In this week's oil, gas and mining news, learn where a new oilfield waste facility is planned, and find out why a cow is to blame for a gas leak.

Wood Mackenzie, an energy consulting firm, expects crude and condensate output from the Eagle Ford Shale play in Texas to double through 2020 to 2 million barrels per day.

The firm also said in its release on June 4 that it now believes the Bakken Shale play in North Dakota holds 21 billion barrels of recoverable crude — well above the 7.5 billion the government estimates. 

The consultancy sees output from the Marcellus rising to 20 billion cubic feet per day of natural gas in 2018. For the Utica, it predicts output climbing to 5 billion cubic feet per day through 2018.

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Graham to supply equipment for refining upgrades in North America

Graham, a global business that designs, manufacturers and sells critical equipment for the oil refining, petrochemical and power industries, including the supply of components and raw materials to nuclear energy facilities, announced June 2 that it was recently awarded four orders for projects valued at approximately $10 million. 

The orders are for upgrades of ejector system components at three oil refineries and an ethylene capacity expansion project in North America. Shipments are expected to occur over the next nine to 15 months. 

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Three orders for equipment at existing North American oil refineries include replacement parts for two Canadian oil sands refineries and another oil refinery in the U.S.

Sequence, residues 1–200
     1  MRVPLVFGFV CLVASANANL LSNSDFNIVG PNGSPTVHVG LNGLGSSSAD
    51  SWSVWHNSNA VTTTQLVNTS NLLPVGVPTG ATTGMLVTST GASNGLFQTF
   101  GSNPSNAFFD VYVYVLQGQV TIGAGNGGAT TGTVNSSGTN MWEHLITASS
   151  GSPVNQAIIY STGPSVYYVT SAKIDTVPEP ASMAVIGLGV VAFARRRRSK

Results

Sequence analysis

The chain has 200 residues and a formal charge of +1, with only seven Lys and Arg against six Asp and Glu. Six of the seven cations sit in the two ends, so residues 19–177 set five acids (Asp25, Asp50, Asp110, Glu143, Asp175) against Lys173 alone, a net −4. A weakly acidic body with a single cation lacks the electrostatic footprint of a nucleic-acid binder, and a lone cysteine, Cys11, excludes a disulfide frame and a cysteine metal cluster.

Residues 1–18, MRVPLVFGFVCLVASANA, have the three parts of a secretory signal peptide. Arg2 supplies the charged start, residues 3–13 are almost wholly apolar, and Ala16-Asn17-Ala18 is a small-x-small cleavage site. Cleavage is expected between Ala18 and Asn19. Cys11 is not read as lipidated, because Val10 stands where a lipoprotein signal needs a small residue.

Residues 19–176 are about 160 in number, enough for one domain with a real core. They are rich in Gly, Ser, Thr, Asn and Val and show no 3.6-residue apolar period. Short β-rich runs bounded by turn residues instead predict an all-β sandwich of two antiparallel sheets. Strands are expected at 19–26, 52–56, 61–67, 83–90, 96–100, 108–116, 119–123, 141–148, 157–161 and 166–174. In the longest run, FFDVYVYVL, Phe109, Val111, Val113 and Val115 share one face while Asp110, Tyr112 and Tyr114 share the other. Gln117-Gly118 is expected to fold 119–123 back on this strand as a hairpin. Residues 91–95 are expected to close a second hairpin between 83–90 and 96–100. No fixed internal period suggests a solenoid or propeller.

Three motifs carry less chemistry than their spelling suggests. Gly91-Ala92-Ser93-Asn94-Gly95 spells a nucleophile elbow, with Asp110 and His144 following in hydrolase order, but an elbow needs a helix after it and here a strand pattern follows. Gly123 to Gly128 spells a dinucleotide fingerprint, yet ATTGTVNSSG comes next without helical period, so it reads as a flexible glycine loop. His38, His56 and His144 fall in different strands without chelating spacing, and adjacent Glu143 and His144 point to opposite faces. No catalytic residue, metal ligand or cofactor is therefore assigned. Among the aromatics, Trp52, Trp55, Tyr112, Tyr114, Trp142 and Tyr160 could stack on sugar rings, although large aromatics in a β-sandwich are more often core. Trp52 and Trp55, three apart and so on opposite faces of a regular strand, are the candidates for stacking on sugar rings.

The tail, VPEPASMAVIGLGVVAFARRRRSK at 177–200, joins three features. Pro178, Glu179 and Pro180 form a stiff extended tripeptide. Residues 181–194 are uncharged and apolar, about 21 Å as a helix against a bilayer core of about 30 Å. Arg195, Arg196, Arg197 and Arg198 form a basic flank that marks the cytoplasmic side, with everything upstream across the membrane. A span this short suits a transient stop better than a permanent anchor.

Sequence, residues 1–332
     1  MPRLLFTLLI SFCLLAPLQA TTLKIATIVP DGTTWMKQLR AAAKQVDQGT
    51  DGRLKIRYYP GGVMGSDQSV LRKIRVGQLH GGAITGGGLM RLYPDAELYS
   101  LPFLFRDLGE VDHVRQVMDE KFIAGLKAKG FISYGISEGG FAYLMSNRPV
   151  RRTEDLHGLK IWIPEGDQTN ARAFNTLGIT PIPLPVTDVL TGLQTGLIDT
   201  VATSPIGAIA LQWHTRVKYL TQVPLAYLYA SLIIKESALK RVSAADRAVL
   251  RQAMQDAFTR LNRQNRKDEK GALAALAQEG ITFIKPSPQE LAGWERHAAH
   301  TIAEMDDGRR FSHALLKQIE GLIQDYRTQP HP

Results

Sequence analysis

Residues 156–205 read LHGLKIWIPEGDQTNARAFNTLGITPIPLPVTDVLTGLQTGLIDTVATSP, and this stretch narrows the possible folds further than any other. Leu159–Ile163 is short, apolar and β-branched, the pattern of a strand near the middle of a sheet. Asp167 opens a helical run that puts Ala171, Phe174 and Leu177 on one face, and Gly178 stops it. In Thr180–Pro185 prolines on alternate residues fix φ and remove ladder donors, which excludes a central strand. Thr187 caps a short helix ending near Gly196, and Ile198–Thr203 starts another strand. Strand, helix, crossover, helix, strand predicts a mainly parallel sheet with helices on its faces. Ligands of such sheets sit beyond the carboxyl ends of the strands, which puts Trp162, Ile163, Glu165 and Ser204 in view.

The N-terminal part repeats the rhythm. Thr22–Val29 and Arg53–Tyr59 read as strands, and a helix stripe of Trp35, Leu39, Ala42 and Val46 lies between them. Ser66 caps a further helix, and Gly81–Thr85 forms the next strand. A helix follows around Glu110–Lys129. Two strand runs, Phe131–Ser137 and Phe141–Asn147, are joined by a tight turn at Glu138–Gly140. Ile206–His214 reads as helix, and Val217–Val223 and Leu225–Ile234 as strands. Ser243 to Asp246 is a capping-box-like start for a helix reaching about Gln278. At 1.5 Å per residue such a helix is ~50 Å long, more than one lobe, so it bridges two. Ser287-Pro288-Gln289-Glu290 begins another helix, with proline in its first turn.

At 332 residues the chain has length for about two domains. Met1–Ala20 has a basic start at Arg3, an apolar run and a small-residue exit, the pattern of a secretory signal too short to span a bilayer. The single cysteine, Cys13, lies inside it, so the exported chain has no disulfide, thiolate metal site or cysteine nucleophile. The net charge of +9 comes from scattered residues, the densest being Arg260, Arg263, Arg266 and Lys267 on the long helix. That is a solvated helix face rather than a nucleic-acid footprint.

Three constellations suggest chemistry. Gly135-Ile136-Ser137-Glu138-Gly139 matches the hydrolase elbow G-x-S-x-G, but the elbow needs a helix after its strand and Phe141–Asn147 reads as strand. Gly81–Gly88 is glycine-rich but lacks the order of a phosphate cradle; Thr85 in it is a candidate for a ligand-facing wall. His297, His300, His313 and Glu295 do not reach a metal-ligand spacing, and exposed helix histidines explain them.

Cow suspected of causing leak

A cow is suspected of causing a spill of natural gas liquids near a tributary of the Little Missouri River Medora, N.D., prompting North Dakota regulators to warn energy companies to ensure their facilities are bovine-proof. 

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State Environmental Health Chief Dave Glatt said May 29 that about 20 barrels of natural gas condensate near Sully Creek, south of Medora in Western North Dakota spilled from a tank after a cow may have rubbed against the valve. 

The Health Department says the site is owned by a subsidiary of Oneok Inc., based in Tulsa, Okla. Glatt said absorbent booms were placed in Sully Creek as a precaution. 

Glatt said the cow was either curious or had an itch that needed scratching.

Devon Energy Corp. subsidiary constructing pipeline

Devon Energy Corp’s Victoria Express Pipeline LLC subsidiary, has started construction on a new 56.4-mile pipeline connecting the Blackhawk delivery point in the Eagle Ford Shale’s DeWitt County to an existing terminal at the Port of Victory. 

The 12-inch pipeline will be able to carry up to 100,000 barrels per day of crude oil and condensate produced in the South Texas energy play. The port gives the company access to shallow-water barge-loading facilities. 

The new pipeline is expected to go into service July 1.

Crude testing facility opens in Williston

Inspectorate, a core part of Bureau Veritas Commodities Division, has opened a new analytical testing facility in Williston, N.D. The facility will specialize in the analysis of crude oil and gas production from the Bakken Shale play in North Dakota.

The testing facility will be able to turn reports around within hours instead of days, according to company officials.

The company also provides meter verification services for Williston and the surrounding areas.

Nuverra purchasing land to build oilfield waste facility

Nuverra Environmental Solutions, a Scottsdale, Ariz.-based environmental company, is buying 180 acres in South Texas’ LaSalle County to develop a facility that will treat wastes from oil and gas production activity in the Eagle Ford Shale.

Nuverra will use the facility, located near the town of Millett, to collect, treat and in some cases recycle liquid and solid wastes from drilling sites across the Eagle Ford.

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